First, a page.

If you are managing a private company, at some point, you are bound to have thought about taking it public to raise money. Indeed, issuing publicly listed shares to a myriad of hands-off minority investors seems like a nice way to raise equity without losing the operating control of the company. But before you jump on the boat, let's review the pros and cons of launching an Initial Public Offering (IPO).
Advantages of being listed
- It is an exit route to pre-IPO investors.
- The possibility of sub-dividing and consolidating securities doles out liquidity and flexibility to investors.
- Being regulated on public exchanges grants additional marketing reach and prestige.
- Timely disclosure adds visibility, improves reputation, impacts market value and provides more transparency.
- Ready marketability of securities on a continuous basis makes further fundraising easier.
- Shareholding can be diversified with retail, institutional and foreign investors.
- The market value can arguably reflect the fair value of the company and help during M&A, business and financing negotiations.
Disadvantages of being listed
- There is an additional administrative cost to manage a listed company.
- It is an open door on speculation and potentially, on aggressive takeovers.
- There is a higher dependence on market trends.
- There is additional room for inside trading, stock tampering and scams.
- The exchange makes the information available to the competitors.
- Pre-IPO shareholders are diluted.
- The company still needs to find investors.
The worse case scenario for a private company going public is to bear the listing cost and then fail to sell its shares on the market at a reasonable price.
Value Creation - Alternative can implement 2 strategies to get private equity listed on a stock exchange, while at the same time minimize the risk of not finding a market to sell the shares.
Strategy 1: SPONSORED IPO
For companies in specific industries and displaying specific criteria, VC-A has gathered a pool of private investors willing to sponsor the IPO.
The advantage of having a sponsored IPO is to ensure market traction and at the same time, reduce the IPO cost.
Having a reputable first investor triggers a Pygmalion effect amongst other investors that can translate into herd behaviour:
Strategy 1, could be applied to companies with the following characteristics (last update: 14th day of September 2021):
Current criteria for acceptable candidates
- Biotechs willing to go public on a major exchange.
- Must have patents and a blue-chip management team.
- Early-stage companies are acceptable.
- Need to have a unique selling proposition (USP).
- Willing to accept dilution that can go up to 40%.
- No lab testing deals.
- Gold mines willing to go public on a major exchange.
- Must have technical reports and a blue-chip management team.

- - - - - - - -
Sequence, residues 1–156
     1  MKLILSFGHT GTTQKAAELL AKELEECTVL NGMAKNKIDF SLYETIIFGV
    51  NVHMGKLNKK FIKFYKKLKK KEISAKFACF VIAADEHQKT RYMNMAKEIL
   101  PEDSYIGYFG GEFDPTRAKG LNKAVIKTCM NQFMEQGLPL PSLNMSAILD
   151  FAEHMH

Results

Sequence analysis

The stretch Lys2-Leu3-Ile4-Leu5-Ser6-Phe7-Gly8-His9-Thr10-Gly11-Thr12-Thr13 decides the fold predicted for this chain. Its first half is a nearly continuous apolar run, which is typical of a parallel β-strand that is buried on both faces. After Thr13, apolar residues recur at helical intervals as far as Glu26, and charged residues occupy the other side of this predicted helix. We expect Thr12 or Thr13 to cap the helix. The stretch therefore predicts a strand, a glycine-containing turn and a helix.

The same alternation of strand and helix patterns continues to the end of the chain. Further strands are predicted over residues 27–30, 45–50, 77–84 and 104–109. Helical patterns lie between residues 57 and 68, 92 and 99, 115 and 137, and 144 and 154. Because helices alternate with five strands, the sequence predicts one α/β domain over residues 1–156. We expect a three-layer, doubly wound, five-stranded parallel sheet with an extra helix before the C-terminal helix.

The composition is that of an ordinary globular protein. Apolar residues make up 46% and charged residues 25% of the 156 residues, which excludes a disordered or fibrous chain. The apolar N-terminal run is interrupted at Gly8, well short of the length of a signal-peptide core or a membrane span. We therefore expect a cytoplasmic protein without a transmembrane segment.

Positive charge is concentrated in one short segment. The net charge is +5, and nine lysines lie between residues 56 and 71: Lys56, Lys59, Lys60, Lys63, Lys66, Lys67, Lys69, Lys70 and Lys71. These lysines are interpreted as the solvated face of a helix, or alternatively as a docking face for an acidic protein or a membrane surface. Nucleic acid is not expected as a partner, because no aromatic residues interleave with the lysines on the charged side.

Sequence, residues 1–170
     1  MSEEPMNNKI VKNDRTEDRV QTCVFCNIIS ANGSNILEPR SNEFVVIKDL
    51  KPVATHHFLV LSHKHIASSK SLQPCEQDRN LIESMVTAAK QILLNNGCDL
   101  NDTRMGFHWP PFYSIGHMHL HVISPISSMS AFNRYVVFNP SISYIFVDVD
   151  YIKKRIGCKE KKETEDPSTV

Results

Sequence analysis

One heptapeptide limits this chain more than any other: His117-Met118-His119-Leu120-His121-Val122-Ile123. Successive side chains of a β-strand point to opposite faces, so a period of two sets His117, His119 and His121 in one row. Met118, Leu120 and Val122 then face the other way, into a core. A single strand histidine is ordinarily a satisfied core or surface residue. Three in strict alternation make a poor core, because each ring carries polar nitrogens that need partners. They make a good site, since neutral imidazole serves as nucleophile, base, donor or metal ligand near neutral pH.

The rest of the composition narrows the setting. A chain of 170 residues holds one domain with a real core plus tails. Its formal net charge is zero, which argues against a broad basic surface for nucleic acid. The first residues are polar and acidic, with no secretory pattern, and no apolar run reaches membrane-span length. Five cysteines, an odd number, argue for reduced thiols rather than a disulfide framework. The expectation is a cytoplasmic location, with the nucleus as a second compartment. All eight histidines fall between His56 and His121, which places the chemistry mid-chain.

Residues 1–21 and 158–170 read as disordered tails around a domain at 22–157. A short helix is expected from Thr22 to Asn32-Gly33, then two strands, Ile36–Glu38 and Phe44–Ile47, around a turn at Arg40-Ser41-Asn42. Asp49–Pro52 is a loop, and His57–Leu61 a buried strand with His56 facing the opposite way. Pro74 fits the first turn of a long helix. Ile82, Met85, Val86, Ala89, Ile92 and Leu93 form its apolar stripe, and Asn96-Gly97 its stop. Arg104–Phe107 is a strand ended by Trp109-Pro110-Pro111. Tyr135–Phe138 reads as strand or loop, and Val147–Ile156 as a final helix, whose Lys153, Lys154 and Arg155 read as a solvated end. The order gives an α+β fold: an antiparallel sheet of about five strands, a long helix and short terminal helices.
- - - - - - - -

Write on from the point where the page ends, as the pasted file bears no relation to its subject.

- Must have proven gold reserves.
- Willing to accept dilution that can go up to 40%.
There is no up-front retainer required but the company needs to prepare the support documents.
Companies who hire VC-A's services can expect to receive:
- Pre-IPO funding from GBP700.000 to GBP1.300.000 to cover the cost of the IPO.
- A commitment from IPO investors to invest at least GBP2 million to GBP3 million.
Strategy 2: REVERSE IPO SPIN-OFF
For companies too early stage to consider an IPO, we have designed the following strategy:
- We identify a listed company interested in VC-A client’s value proposition.
- The VC-A client company is valued at $X today and $Y in 2-3 years' time post-funding based on the VC-A client's business case.
- The listed company swaps its shares for the VC-A client’s shares valued at X$.
- The VC-A client’s shareholders execute a share buy-back agreement at $Y based on the fulfilment of some milestones defined in the business case.
- The listed company advertises the VC-A client’s solutions as part of its portfolio and provides working capital. The VC-A client company still operates as a stand-alone entity, but now benefits from the advantages of being listed.
- After 2-3 years, if the VC-A client’s company meets the objectives of his business case, the VC-A client's shareholders can buy their shares back and implement Strategy nº1.
Strategy nº 2 shall apply to fast growing companies only and is dependent on VC-A’s finding a listed acquirer first.
Terms and Conditions
Terms and conditions need to be defined on a case by case basis, but generally speaking, the cost of going public is the following:
Listing cost [€150k - €200k], eventually funded by the investors.
- Annual cost for being listed [€25.000 - €100.000].
- % of equity to be listed [20-40%].
- Expected ROI [10 – 20%].
• Strategy 1: [6 – 12 months].
• Strategy 2: [1 – 3 months].
- Retainer [€10.000 - €20.000 per month], eventually funded by the investors.
- Pre-IPO shares [5% - 10%], based on $X valuation.
- Warrants on post-IPO shares [10% - 20%], based on $Y valuation.
Warning: the above is not a quote. Figures are indicative and approximate.
In order to move forward with Value Creation - Alternative, please be prepared to submit the following documents:
- A Non-Circumvention, Non-Disclosure Agreement (NCNDA).
- A Letter of Intent (LOI).
- A Business plan and financial projections: cash-flow statement.
- Up to 3 years of historical financials: balance sheet and profit & loss account.